• Tamias striatus striatus
    • Tamias striatus doorsiensis
    • Tamias striatus fisheri
    • Tamias striatus griseus
    • Tamias striatus lysteri
    • Tamias striatus ohioensis
    • Tamias striatus peninsulae
    • Tamias striatus pipilans
    • Tamias striatus quebecensis
    • Tamias striatus rufescens
    • Tamias striatus venustus

Subgenus: Eutamias

  • Tamias sibiricusSiberian Chipmunk
    • Tamias sibiricus sibiricus
    • Tamias sibiricus asiaticus
    • Tamias sibiricus lineatus
    • Tamias sibiricus okadae
    • Tamias sibiricus ordinalis
    • Tamias sibiricus orientalis
    • Tamias sibiricus pallasi
    • Tamias sibiricus senescens
    • Tamias sibiricus umbrosus

Subgenus: Neotamias

Extinct:

  • Tamias aristus

Notes

  1. ^ John O. Whitaker, Jr.; Robert Elman (1980). The Audubon Society Field Guide to North American Mammals (2nd edition ed.). New York: Knopf. pp. 370. ISBN 0-394-50762-2. 
  2. ^ Wilson, D. E.; D. M. Reeder (2005). "Mammal Species of the World (MSW)". http://nmnhgoph.si.edu/msw/. Retrieved 2007-06-27. 
  3. ^ Piaggio, A. J. and Spicer, G. S. 2001. Molecular phylogeny of the chipmunks inferred from mitochondrial cytochrome b and cytochrome oxidase II gene sequences. Molecular Phylogenetics and Evolution 20: 335-350.
  4. ^ http://www.nhptv.org/natureworks/chipmunk.htm
  5. ^ a b Hazard, Evan B. (1982). The Mammals of Minnesota. University of Minnesota Press. pp. 52–54. ISBN 0816609527. http://books.google.co.uk/books?id=sjoQK1bedB0C&pg=PA53&dq=eastern+chipmunk+mate&as_brr=3&sig=ACfU3U1yqjlcK_T-9SF3IsdkkDH1eEg8EQ#PPA54,M1. 
  6. ^ Schwartz, Charles Walsh; Elizabeth Reeder Schwartz, Jerry J. Conley (2001). The Wild Mammals of Missouri. University of Missouri Press. pp. 135–140. ISBN 0826213596. http://books.google.co.uk/books?id=uEWl0ZM6DfUC&pg=PA140&dq=eastern+chipmunk+young&as_brr=3&sig=ACfU3U3WVj2tyvQ4y2C_v8_vo1Hn_iX16A#PPA140,M1.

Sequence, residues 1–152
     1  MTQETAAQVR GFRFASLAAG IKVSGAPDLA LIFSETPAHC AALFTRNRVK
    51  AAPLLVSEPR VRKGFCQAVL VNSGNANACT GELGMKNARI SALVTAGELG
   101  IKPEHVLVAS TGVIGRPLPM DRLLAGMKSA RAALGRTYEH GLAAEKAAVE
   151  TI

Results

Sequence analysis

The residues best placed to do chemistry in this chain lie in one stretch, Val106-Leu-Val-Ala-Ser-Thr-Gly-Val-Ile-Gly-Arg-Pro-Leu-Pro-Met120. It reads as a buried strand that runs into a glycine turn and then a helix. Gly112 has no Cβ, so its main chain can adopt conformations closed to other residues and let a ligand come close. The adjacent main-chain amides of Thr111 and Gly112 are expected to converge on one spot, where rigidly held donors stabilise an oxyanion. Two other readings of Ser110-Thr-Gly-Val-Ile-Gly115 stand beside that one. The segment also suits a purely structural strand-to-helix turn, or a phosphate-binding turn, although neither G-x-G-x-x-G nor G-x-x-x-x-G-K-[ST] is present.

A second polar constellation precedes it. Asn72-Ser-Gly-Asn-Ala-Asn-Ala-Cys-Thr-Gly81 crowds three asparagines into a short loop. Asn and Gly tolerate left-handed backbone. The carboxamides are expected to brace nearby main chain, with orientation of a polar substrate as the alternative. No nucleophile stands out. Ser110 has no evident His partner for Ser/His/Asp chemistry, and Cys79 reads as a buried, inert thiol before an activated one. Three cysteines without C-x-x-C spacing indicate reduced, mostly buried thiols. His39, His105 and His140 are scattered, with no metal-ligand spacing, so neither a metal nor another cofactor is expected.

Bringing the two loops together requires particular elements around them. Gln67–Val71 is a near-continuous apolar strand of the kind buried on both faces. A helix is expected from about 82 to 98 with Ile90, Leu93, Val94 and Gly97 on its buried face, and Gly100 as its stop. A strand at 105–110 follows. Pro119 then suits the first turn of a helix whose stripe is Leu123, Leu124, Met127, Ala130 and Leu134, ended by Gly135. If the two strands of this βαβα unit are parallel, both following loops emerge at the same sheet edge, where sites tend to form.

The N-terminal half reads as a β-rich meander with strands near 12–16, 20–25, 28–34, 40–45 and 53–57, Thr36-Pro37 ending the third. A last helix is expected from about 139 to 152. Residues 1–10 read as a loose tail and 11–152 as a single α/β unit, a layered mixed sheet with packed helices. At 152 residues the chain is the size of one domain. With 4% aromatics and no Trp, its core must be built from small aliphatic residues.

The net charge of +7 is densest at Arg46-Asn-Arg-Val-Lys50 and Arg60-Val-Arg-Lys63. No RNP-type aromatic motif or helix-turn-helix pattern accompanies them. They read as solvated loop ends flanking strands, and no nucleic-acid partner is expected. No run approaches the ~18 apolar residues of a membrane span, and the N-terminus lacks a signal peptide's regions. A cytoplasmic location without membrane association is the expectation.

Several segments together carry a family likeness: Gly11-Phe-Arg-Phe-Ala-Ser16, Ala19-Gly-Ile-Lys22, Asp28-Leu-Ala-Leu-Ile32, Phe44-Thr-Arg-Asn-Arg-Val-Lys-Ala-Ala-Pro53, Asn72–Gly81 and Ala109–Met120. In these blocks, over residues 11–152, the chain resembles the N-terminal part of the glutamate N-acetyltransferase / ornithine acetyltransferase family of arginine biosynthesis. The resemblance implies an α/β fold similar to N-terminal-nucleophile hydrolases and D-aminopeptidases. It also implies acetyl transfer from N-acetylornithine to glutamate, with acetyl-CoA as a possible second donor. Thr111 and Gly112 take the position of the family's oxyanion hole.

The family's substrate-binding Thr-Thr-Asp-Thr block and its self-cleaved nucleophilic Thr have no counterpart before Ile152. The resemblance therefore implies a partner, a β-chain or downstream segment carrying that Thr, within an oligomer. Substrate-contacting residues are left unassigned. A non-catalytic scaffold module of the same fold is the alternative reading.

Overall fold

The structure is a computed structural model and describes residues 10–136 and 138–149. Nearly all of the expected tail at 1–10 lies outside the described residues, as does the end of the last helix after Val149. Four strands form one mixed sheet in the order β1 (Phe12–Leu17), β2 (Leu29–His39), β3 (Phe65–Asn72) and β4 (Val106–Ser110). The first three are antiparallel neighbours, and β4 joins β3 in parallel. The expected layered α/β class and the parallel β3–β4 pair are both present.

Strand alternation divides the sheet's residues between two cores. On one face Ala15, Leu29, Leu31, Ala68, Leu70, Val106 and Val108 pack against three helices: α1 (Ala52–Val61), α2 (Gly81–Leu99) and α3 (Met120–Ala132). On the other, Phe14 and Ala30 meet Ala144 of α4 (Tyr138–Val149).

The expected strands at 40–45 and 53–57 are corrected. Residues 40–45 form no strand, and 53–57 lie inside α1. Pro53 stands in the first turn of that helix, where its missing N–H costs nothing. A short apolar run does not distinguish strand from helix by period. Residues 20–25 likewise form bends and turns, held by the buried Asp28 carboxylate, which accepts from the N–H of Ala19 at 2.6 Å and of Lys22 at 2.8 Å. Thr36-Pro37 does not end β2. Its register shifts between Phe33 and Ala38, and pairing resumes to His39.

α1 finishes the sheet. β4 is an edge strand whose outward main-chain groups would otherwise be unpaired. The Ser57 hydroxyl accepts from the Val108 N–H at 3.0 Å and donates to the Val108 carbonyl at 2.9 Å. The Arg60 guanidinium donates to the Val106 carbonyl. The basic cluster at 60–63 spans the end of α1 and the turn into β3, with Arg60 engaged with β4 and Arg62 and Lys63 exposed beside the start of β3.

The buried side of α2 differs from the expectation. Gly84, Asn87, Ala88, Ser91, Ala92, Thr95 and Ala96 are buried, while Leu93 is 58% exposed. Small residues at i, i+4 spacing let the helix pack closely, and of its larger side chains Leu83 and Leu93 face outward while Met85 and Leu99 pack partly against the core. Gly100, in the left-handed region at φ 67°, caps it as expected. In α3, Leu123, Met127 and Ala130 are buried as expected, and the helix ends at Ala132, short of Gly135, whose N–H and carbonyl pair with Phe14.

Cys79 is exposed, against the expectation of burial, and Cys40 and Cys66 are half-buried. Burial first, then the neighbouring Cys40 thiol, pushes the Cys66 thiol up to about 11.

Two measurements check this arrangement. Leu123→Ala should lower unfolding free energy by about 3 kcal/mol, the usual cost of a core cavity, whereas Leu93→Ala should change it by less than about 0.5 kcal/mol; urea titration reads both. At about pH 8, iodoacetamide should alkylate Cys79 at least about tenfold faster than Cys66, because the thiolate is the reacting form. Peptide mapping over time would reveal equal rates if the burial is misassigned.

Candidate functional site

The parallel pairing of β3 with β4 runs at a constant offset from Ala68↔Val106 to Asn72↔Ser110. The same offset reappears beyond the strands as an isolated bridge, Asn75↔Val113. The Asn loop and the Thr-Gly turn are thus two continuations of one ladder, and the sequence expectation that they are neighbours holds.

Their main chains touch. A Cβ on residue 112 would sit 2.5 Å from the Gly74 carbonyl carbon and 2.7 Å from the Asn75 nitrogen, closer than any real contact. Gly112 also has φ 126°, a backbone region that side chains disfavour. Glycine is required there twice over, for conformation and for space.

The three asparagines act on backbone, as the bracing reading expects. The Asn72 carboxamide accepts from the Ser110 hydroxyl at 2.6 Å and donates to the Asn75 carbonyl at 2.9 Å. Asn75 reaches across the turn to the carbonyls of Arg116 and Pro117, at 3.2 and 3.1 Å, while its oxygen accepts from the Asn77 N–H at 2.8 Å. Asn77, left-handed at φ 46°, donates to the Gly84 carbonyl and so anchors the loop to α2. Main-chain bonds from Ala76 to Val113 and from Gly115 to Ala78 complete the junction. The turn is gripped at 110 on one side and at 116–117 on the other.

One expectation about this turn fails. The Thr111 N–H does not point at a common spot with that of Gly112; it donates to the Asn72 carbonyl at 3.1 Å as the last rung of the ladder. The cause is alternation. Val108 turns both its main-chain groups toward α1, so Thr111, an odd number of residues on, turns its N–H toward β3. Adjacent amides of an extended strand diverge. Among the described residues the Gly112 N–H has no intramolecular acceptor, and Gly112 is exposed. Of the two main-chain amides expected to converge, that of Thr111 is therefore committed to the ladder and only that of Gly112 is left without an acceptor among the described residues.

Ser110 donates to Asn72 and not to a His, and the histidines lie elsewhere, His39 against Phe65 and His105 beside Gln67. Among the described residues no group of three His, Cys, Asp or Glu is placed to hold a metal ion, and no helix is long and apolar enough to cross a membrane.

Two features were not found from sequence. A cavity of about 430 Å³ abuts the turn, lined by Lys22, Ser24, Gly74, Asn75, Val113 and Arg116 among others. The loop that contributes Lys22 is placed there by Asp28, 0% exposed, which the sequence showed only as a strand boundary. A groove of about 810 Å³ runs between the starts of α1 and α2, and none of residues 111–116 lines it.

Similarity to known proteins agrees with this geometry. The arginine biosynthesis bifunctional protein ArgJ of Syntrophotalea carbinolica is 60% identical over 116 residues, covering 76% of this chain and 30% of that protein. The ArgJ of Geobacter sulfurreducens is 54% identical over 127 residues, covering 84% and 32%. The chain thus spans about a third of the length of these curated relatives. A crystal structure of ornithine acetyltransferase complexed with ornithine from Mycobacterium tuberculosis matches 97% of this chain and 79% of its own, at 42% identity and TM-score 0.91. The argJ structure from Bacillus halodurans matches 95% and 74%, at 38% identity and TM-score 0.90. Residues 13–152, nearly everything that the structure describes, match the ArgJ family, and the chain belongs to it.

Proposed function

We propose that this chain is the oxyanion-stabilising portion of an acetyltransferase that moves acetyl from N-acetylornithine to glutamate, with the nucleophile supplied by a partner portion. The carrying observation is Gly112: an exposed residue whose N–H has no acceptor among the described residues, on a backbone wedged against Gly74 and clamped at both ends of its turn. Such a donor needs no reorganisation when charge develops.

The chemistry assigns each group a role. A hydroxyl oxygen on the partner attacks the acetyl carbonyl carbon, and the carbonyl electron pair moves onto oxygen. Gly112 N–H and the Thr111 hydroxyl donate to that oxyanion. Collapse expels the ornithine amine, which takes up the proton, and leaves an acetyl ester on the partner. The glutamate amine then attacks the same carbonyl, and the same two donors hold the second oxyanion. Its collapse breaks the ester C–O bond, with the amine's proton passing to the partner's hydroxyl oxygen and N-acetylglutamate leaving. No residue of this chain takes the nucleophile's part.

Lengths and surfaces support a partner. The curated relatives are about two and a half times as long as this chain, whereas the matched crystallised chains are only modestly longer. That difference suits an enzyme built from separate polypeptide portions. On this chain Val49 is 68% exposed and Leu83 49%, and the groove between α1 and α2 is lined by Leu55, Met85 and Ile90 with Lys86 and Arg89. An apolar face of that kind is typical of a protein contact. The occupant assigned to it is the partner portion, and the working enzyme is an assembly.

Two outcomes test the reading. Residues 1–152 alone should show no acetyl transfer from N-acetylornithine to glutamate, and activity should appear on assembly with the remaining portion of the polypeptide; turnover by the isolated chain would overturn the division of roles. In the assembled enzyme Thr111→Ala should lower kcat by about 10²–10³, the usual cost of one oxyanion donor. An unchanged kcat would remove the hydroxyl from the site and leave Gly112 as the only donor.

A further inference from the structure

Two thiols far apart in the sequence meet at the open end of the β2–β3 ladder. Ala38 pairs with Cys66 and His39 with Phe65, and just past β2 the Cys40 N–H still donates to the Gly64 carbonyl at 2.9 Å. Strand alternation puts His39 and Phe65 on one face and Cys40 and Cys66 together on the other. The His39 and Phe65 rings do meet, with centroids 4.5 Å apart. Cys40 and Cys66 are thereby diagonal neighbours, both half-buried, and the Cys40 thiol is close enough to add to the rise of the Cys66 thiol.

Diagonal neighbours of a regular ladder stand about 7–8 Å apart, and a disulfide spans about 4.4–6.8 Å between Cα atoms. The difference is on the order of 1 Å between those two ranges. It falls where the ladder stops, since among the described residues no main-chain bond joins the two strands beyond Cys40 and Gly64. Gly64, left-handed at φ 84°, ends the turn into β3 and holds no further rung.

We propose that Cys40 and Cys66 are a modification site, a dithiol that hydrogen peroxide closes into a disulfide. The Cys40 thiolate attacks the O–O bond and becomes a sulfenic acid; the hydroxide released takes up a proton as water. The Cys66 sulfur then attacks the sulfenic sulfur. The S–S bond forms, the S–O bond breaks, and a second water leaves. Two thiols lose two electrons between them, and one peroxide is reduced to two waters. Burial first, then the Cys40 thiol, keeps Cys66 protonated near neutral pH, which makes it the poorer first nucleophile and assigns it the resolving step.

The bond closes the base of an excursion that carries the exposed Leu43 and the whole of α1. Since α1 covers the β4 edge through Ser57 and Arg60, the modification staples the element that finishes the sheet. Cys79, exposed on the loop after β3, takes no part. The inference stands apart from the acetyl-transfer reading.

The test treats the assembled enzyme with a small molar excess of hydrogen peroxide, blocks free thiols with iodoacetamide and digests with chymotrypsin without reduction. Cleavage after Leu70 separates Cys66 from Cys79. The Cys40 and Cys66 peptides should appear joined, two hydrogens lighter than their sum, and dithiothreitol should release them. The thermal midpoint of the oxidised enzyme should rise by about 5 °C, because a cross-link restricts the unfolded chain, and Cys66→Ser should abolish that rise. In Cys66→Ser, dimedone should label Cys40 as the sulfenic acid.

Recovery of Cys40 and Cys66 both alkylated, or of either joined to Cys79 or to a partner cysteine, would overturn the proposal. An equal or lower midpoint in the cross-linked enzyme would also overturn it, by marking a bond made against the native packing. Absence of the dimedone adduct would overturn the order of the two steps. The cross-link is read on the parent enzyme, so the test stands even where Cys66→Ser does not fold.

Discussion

7. ^ West Virginia Wildlife Magazine: Wildlife Diversity Notebook. Eastern chipmunk
  8. ^ Apostol, Dean; Marcia Sinclair (2006). Restoring the Pacific Northwest: The Art and Science of Ecological Restoration in Cascadia. Island Press. pp. 112. ISBN 1559630787. http://books.google.co.uk/books?id=CsGyhzFBjyAC&pg=PA112&dq=chipmunk+sporocarps&as_brr=3&sig=ACfU3U3TWxhcMo2rXFWT8kRvbXqIh6Sc2g. 
  9. ^ Tamias, Mammal Species of the World, 3rd ed.

References

  • Nichols, John D. and Earl Nyholm (1995). A Concise Dictionary of Minnesota Ojibwe. Minneapolis: University of Minnesota Press.

Famous Chipmunks

External links

Further reading

  • Baack, Jessica K. and Paul V. Switzer. "Alarm Calls Affect Foraging Behavior in Eastern Chipmunks (Tamias Striatus, Rodentia: Sciuridae)." Ethology. Vol. 106. Dec. 2003. 1057-1066.
  • Gordon, Kenneth Llewellyn. The Natural History and Behavior of the Western Chipmunk and the Mantled Ground Squirrel. Oregon: 1943

Simple English

Chipmunks
Fossil range: Early Miocene to Recent
Scientific classification
Kingdom: Animalia
Phylum: Chordata
Class: Mammalia
Order: Rodentia
Family: Sciuridae
Tribe: Marmotini
Genus: Tamias

A chipmunk is a small squirrel-like rodent. About twenty-three species fall under this title, with one species in northeastern Asia, one in the eastern portions of Canada and the US, and all the rest native to the western part of North America.

The name may have originally been spelled "chitmunk" (perhaps from a Native American word meaning "red squirrel"). However, the earliest form comes from the Oxford English Dictionary (in 1842) as "chipmonk". Other early forms include "chipmuck" and "chipminck".

Chip 'n Dale, two Disney cartoon characters, are famous chipmunks in pop culture. Another such trio is Alvin, Simon and Theodore (created by Ross Bagdasarian).